Flanged window as in-betweenie in a double-stud wall — head detail

Double-stud walls create plenty of room for thick insulation

Double-stud walls use common materials and familiar assemblies to create a low-tech, energy-efficient wall with lots of room for thick insulation. This framing method virtually eliminates thermal bridgingHeat flow that occurs across more conductive components in an otherwise well-insulated material, resulting in disproportionately significant heat loss. For example, steel studs in an insulated wall dramatically reduce the overall energy performance of the wall, because of thermal bridging through the steel. through the studs and greatly reduces sound transmission through walls.

The basic strategy is simple: The exterior walls are built from two parallel stud walls with a gap between the rows for extra insulation. Many builders use two parallel 2x4 walls with a 5-inch gap between them to create a 12-inch-thick wall. Of course, the wall can be thicker or thinner as circumstances dictate.

The most commonly used insulation for this method of construction is dense-packed cellulose, although other types of insulation (including blown-in fiberglass, mineral wool batts, or open-cell spray polyurethane foam) can certainly be used.

For more information, see GBA Encyclopedia: Double-Stud Walls.

Four Rules for Window Installation

Protect the head of the window from rain by tucking the window in from the face of the wall. Overhangs don’t help much on the coast — water blows sideways, up and down — and on taller buildings, an 18-inch overhang doesn’t help the ground-floor windows at all. On a building with 12-inch thick well-insulated walls, we’ll slide the windows back 3 1/2 inches so that every window has an individual built-in overhang right above the window head. That means we install most windows as “in-betweenies” instead of “innies” or “outies.”

Treat the window flange as an installation aid only, not as a water or air seal. Expect that water will be able to enter behind the flange during extreme conditions, and always provide a pathway out. Follow the manufacturer’s instructions; your warranty depends on it.

Since water will probably get behind the flange at some point, make sure it can’t pool on bare wood and rot your wall. Wrap rough openings properly, with tape or flashing that is lapped top over bottom, and make sure to install a sloped sill pan below the window. It’s now part of most window manufacturers’ instructions to place a clapboard or sloped shim at the rough sill, but we still rarely see this recommendation followed until we ask for it. The critical and often overlooked air-sealing area is at the interior of the sill. If the window is not shimmed at its sill — the usual situation we see — there needs to be a bed of caulk or a gasket seal at the inside face of the window to prevent water from blowing up under the open exterior window flange, right under the window frame, and into the building.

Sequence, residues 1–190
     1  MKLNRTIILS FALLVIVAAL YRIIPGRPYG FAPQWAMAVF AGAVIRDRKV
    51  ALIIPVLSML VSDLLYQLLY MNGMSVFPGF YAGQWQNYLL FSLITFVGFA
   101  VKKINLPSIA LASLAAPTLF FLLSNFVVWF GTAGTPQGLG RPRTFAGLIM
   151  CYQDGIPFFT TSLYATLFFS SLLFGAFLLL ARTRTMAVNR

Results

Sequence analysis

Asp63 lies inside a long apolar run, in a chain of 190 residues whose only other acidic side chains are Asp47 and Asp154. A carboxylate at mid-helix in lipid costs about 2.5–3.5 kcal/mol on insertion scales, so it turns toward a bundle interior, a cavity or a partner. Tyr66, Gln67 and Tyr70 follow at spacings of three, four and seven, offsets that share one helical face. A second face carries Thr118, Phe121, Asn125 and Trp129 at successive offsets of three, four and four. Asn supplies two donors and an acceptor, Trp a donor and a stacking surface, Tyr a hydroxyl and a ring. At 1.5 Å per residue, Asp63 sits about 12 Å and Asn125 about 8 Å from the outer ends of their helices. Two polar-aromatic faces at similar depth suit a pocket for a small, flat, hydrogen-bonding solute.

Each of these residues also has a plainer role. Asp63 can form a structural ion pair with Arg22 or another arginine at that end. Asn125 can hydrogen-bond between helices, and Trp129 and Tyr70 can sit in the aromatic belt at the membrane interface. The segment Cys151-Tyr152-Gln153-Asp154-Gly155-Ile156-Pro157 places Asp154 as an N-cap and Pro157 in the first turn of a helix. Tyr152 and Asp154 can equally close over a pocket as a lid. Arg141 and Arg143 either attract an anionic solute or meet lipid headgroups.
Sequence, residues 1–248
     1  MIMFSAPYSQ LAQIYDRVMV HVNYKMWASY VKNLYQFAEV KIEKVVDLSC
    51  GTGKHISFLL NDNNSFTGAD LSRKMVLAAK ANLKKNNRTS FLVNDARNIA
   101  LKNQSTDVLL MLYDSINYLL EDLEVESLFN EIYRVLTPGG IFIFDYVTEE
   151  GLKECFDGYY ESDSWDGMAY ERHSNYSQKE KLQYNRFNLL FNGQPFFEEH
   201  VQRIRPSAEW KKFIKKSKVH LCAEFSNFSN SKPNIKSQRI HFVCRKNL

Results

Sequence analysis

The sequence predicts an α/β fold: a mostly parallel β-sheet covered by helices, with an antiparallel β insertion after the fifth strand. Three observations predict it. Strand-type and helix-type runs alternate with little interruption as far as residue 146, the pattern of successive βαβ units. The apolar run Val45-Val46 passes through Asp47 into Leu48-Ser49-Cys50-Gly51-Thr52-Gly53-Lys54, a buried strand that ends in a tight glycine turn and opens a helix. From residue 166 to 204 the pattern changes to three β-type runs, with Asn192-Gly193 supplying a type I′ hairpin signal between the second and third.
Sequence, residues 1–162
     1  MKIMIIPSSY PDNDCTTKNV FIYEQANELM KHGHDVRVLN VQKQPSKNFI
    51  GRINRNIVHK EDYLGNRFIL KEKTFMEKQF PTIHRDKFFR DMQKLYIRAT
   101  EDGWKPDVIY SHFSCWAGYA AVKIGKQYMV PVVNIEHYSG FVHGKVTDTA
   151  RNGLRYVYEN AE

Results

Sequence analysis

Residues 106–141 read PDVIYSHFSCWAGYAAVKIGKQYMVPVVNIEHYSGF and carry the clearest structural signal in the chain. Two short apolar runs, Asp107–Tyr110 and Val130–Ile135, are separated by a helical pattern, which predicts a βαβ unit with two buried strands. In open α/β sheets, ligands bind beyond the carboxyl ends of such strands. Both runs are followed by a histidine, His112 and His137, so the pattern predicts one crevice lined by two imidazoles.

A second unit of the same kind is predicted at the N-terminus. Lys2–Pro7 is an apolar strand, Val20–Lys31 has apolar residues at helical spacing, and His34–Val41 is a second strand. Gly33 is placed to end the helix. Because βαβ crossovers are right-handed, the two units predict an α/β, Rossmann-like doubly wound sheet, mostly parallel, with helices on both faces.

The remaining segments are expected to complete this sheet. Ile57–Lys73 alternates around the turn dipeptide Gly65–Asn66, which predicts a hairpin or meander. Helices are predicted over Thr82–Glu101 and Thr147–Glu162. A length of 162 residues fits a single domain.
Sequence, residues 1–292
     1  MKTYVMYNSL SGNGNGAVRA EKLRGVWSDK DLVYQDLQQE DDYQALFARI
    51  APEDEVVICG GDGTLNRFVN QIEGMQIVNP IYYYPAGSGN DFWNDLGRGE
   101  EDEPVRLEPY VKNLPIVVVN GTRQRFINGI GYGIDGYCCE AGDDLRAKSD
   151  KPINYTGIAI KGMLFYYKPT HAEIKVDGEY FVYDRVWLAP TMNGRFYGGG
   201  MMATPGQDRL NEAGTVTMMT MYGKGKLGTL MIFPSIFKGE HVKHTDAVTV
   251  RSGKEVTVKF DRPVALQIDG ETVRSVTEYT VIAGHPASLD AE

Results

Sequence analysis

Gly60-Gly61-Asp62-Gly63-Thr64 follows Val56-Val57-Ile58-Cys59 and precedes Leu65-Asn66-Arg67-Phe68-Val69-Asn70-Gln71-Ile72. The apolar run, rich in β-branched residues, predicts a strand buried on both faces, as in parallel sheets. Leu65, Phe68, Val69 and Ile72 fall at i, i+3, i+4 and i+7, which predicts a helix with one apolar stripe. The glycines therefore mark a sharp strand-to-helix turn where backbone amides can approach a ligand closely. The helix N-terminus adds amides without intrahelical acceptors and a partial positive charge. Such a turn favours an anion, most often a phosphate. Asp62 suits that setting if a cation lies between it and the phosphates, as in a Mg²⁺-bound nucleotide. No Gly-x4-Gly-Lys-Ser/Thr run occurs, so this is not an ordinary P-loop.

Establish a long-lasting air and water seal at the inside face of the window unit, and connect that seal to the rough opening. The best material for this seal is a flexible and long-lasting construction tape like Dow Weathermate, 3M 8067 Flashing Tape, or a European tape like Siga Rissan or Pro Clima Tescon. The tape will stay nice and warm on the interior side of the window; it won’t go through extreme freeze/thaw cycles like exterior tape. It should also remain flexible longer than spray foam. However, we realize this is a tedious and non-standard technique for most U.S. builders and will likely lead to an upcharge, so we usually have to accept spray foam as our interior air seal. (It should go without saying that fiberglass scraps do not belong in a rough opening.) We insist on a blower-door testTest used to determine a home’s airtightness: a powerful fan is mounted in an exterior door opening and used to pressurize or depressurize the house. By measuring the force needed to maintain a certain pressure difference, a measure of the home’s airtightness can be determined. Operating the blower door also exaggerates air leakage and permits a weatherization contractor to find and seal those leakage areas. to ensure the air seal around the window was installed properly, and we often make builders come back with caulk to close up the holes they are surprised to find in the spray foam installation. Our typical non-Passive HouseA residential building construction standard requiring very low levels of air leakage, very high levels of insulation, and windows with a very low U-factor. Developed in the early 1990s by Bo Adamson and Wolfgang Feist, the standard is now promoted by the Passivhaus Institut in Darmstadt, Germany. To meet the standard, a home must have an infiltration rate no greater than 0.60 AC/H @ 50 pascals, a maximum annual heating energy use of 15 kWh per square meter (4,755 Btu per square foot), a maximum annual cooling energy use of 15 kWh per square meter (1.39 kWh per square foot), and maximum source energy use for all purposes of 120 kWh per square meter (11.1 kWh per square foot). The standard recommends, but does not require, a maximum design heating load of 10 W per square meter and windows with a maximum U-factor of 0.14. The Passivhaus standard was developed for buildings in central and northern Europe; efforts are underway to clarify the best techniques to achieve the standard for buildings in hot climates. airtightness standard for residential work is 1.5 ach50, but we always give the builder the cfm50 number that would allow them to beat the 0.4 ach50 achieved by one of their competitors. It never hurts to let them know where the bar really sits.


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